The new configuration in European politics
2017 will probably be remembered as the “year of change” in the history of European politics. This does not apply only to the European Union and its transformation within but also pertains to the future of Europe’s relations with the rest of the world. Turkey, for that matter, is part of the rest who tries to remain in the west.
Elections in France are dominating the agenda. On April 23, the first round of the French presidential elections ended with Marine Le Pen of the National Front and Emmanuel Macron with his own political party, named “En Marche,” to become the two front runners for the next round on May 7. Macron is a former economy minister and describes himself as a left-wing liberal.
What is so striking about the French presidential elections is that for the first time in recent history, the mainstream political parties will not be running in the second round. If, as expected, Macron makes it to Elysee in the final round, he will have to work hard to obtain a favorable parliamentary majority in the forthcoming National Assembly elections in June.
Macron’s success is yet another manifestation of the European electoral behavior, which follows the pattern of anti-establishment voting tendency. Macron’s political party is not expected to make a significant impact on the parliamentary elections. It is important, however, to underline that both the socialist and republican candidates who lost in the first round immediately called for support for Macron in the second round.
If Macron’s success cannot be translated into a further electoral success of “En Marche” in the National Assembly in June, the new president of France will have to survive an awkward cohabitation because of the semi-presidential system that France enjoys, obliging him to face a strange composition of parliament with political parties ranging from far-right to far-left, probably with a coalition government. This would be quite a novelty in French politics.
Another novelty is happening in the United Kingdom, too. Prime Minister Theresa May called for snap elections for June 8, in a surprise move, apparently to enhance the Conservative Party’s majority and self-confidence in the British parliament. At a time when the U.K. is negotiating with the European Union for an honorable Brexit, May’s move will give her the opportunity to define the best terms for a deal with the continent. Britain did not have snap elections without completing at least half of the parliamentary term in the last 40 years.
In Germany, elections in autumn may also end up with a change in the prime ministerial chair, if not necessarily a change in the grand coalition. The Social Democratic Party’s (SPD) choice of Martin Schulz as the new chairman seems to have affected the chances of the party in the elections. Although the Christian Democratic Union of Germany/ Christian Social Union in Bavaria (CDU/CSU) alliance enjoys a five-point lead in front of the SPD, the latter has made a significant progress in the last few weeks.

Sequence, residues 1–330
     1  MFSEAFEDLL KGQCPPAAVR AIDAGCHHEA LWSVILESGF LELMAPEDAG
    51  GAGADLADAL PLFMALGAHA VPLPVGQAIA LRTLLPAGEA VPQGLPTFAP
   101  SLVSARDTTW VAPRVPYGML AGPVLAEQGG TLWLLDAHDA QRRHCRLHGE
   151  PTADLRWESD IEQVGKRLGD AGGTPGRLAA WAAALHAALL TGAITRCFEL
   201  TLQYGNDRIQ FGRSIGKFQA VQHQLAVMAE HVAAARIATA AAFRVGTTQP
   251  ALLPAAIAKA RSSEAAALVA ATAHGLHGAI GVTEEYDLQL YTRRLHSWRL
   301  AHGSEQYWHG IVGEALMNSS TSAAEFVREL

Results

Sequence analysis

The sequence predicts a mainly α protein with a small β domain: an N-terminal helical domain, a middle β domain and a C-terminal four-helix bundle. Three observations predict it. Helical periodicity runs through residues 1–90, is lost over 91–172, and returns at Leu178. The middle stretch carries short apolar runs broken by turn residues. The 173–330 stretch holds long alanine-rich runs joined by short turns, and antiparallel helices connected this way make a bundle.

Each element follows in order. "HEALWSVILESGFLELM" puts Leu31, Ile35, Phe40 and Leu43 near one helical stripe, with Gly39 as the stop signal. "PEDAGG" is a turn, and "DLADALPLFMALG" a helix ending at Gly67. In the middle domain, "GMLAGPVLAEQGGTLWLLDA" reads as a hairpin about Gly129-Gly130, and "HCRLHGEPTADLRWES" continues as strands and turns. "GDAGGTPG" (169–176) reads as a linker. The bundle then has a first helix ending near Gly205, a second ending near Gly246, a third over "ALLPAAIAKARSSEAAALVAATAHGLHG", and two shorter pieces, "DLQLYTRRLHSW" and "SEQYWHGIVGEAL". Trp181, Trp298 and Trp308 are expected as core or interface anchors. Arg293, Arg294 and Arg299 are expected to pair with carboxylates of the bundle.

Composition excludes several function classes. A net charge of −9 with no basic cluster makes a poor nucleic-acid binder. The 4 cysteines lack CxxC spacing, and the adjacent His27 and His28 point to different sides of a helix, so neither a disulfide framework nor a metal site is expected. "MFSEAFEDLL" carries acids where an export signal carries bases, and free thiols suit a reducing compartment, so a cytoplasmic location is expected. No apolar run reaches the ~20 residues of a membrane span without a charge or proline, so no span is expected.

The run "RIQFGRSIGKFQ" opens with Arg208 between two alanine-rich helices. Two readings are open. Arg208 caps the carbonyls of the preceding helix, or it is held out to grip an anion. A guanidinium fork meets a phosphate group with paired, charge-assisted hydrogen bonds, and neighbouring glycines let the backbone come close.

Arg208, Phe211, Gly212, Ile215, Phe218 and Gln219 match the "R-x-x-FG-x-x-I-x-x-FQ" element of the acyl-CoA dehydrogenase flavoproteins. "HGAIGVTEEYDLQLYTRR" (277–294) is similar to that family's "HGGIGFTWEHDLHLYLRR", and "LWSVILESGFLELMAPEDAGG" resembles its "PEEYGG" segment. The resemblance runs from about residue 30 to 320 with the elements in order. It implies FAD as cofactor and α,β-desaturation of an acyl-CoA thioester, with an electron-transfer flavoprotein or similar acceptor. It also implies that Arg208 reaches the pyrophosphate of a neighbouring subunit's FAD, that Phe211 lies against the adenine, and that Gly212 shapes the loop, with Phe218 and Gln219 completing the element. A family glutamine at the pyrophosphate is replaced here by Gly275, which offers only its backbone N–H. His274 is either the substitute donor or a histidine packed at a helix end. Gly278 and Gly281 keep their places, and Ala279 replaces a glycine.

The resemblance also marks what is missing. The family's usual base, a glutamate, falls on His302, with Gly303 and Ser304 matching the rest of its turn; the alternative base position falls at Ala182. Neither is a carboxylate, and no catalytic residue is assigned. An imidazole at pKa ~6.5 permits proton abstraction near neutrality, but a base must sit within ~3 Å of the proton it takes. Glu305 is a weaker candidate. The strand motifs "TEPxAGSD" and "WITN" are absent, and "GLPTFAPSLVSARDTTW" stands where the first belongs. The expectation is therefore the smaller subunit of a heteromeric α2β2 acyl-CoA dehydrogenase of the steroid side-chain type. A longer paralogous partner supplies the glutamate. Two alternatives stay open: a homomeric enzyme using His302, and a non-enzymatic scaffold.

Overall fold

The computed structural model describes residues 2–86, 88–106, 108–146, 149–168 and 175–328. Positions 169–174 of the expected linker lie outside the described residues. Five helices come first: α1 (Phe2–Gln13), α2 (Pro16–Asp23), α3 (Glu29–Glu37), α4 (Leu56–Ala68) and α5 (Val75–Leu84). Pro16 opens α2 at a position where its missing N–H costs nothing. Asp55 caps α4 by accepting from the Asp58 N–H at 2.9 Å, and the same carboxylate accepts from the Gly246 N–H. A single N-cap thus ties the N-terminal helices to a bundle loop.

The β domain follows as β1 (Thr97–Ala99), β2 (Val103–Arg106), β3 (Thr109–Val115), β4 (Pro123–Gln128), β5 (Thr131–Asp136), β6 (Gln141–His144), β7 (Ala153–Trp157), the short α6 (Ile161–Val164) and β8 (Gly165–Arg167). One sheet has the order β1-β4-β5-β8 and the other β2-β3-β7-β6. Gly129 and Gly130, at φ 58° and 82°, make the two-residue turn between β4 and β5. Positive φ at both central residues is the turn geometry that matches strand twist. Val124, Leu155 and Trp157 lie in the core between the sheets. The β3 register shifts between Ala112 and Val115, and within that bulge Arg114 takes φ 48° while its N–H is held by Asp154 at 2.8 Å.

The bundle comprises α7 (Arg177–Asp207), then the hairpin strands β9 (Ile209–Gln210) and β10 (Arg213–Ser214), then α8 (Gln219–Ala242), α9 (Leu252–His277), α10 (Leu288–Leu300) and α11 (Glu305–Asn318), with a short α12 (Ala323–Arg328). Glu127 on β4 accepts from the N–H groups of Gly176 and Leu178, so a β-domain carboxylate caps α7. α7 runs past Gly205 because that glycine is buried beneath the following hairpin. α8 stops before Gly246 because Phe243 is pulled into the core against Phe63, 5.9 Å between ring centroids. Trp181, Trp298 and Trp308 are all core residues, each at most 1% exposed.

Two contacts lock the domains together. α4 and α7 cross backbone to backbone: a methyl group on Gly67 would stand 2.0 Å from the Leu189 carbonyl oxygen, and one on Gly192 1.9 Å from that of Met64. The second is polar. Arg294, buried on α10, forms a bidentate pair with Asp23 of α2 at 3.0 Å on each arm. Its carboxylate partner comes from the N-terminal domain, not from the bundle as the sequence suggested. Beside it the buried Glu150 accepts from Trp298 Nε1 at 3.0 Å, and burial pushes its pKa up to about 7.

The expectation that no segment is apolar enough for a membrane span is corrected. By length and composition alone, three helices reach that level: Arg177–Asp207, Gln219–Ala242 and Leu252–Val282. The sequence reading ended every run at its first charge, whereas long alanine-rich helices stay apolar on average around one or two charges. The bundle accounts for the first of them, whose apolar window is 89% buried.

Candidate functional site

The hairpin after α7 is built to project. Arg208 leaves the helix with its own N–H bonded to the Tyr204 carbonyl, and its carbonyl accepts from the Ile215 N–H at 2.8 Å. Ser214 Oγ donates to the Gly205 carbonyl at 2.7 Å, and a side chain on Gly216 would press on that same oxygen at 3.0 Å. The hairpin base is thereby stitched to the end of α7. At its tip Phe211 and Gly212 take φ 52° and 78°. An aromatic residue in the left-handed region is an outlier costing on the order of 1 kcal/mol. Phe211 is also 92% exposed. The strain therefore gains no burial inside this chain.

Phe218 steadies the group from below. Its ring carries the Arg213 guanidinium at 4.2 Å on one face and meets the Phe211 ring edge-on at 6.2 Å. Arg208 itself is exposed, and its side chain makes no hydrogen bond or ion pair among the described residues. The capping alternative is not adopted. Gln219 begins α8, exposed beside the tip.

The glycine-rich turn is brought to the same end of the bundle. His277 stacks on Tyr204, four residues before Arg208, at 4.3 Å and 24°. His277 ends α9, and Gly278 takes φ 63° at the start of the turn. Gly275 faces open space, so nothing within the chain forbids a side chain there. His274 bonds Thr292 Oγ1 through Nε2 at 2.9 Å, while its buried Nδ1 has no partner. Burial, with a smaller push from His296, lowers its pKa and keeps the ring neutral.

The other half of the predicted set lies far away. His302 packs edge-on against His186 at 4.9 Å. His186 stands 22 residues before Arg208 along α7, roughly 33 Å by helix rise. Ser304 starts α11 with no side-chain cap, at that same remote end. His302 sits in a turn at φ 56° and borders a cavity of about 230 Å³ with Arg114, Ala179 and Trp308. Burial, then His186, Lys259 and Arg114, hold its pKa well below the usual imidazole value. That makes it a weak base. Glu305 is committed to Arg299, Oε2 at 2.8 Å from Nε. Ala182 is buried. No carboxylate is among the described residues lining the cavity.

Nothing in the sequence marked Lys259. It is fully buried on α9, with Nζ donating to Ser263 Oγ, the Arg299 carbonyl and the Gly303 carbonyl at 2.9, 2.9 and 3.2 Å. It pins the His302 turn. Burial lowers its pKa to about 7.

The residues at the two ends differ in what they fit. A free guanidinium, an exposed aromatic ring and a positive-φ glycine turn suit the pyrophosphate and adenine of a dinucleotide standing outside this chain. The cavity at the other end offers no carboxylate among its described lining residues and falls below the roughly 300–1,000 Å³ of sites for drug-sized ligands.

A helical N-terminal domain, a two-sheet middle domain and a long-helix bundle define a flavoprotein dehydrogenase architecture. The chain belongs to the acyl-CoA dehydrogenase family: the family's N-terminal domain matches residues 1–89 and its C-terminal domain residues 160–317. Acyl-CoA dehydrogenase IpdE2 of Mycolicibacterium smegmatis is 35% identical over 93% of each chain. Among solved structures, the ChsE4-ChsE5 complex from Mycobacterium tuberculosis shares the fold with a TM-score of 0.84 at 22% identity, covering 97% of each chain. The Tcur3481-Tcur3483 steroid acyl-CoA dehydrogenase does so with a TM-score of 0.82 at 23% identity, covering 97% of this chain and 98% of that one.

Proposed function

In any case, European politics will be affected with the result of all these elections and the new configuration will affect what Europe’s vision will be in the years to come. Macron will probably pursue a policy of flexible integration for a federal Europe, which may not necessarily be challenged by Germany. His left-wing liberal synthesis of economic policies may also find a positive response from Berlin, and bring about a more favorable commonality of interests with Paris, something that Merkel failed to establish with François Hollande.
Paris and Berlin will probably be more forthcoming in terms of global free trade and this may influence a reasonable free trade deal with the U.K. EU will find it harder, however, to come to terms with the United States for President Donald Trump does not favor global free trade and has suspended the talks for the Trans-Atlantic Trade and Investment Partnership. To obtain a new opening on that front, Europe will need strategic patience.
Similar indulgence is also needed in Europe’s relations with Turkey. The referendum in Turkey on April 16 has amplified concerns in Europe that Turkey is shifting away from basic tenets, principles and criteria so meticulously developed by the EU.
Statements by Turkey’s high-level politicians on testing the feeling of Turkish public through a referendum vis-a-vis the continuation of accession negotiations, and as regards to the re-introduction of capital punishment into the Turkish criminal code do not help European leaders to look favorably at the future of Turkey’s relations with Europe.
As Europe is preparing itself for a new political configuration, Turkey’s post-referendum politics also needs to come forward with a new understanding with a view to re-adapting itself to changes in Europe. For that, Turkey also needs a new political configuration.